The other X factor is the resignation of school board member Ref Rodriguez after he pleaded guilty to a felony count of conspiracy. That leaves the board deadlocked at 3-3 between union allies and opponents. Whoever fills Rodriguez’s seat may determine the outcome of UTLA contract negotiations, though it may not happen in time to stave off a strike.

With that in mind, we note that Huntington Park councilwoman Graciela Ortiz has announced her candidacy for the seat. As recently as 2016, Ortiz was a UTLA member, received the union’s gold community award, and spearheaded a charter school moratorium in Huntington Park. If Ortiz or another candidate gives the union a majority on the board, UTLA could see its contract demands met. But I think the union would rather have the strike first.

In his “state of the union” speech to UTLA representatives last month, Caputo-Pearl said, “We, as chapter leaders at this defining moment, must lead our co-workers in an overwhelming ‘yes’ vote.”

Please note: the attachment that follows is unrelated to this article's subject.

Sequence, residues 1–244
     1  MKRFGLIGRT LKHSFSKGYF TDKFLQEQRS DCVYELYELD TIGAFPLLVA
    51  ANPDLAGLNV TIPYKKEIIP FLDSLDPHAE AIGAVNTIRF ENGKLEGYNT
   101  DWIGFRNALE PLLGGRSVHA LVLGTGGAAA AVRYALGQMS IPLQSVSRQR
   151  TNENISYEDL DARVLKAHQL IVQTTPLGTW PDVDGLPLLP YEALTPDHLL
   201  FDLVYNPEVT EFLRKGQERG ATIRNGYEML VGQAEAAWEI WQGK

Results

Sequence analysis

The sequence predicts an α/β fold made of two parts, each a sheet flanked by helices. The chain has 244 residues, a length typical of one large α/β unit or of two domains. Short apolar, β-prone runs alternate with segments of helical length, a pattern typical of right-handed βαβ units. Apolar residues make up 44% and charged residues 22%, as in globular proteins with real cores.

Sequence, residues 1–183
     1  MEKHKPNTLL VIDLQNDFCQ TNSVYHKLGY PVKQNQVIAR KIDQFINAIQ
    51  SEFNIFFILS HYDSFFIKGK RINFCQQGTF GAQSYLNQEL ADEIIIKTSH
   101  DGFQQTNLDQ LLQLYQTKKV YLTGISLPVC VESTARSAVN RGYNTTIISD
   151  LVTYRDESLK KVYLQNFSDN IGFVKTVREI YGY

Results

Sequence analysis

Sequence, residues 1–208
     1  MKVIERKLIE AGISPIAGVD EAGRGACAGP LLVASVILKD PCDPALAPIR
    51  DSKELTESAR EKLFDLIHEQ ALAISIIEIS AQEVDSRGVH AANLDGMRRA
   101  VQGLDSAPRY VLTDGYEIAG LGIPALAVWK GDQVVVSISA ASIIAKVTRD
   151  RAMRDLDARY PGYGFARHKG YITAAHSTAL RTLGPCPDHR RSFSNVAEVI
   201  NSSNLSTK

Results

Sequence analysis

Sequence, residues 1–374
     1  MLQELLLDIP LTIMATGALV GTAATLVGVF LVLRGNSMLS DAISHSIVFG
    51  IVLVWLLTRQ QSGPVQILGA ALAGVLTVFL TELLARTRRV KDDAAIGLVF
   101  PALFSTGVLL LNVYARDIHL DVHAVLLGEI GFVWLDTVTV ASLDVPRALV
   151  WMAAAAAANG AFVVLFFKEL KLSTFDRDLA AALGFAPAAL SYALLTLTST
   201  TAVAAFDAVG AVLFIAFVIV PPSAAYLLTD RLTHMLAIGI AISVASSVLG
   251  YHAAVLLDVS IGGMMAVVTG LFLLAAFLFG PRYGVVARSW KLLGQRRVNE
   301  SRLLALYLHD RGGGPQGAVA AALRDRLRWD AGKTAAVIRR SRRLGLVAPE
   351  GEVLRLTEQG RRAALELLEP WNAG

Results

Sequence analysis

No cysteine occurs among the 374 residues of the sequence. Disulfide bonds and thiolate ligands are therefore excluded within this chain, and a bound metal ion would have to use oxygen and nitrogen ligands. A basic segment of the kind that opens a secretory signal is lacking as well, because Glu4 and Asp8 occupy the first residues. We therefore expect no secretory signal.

The idea is to drive the “yes” votes up so high as to make a public relations statement as well as authorize a strike. A “no” vote, or even a close vote, would indicate no enthusiasm for a walkout and — logic suggests — weaken the union’s bargaining position. So the rest of this month will be spent on internal organizing, presenting the union’s bargaining positions to the membership as equitable requests designed to improve public education and student outcomes, while standing firm against the depredations of a “corrupt school board,” as Caputo-Pearl described it.

It’s a campaign, so don’t expect a balanced presentation. For example, UTLA posted this graphic on its social media platforms, with the caption, “These are facts, not opinions.”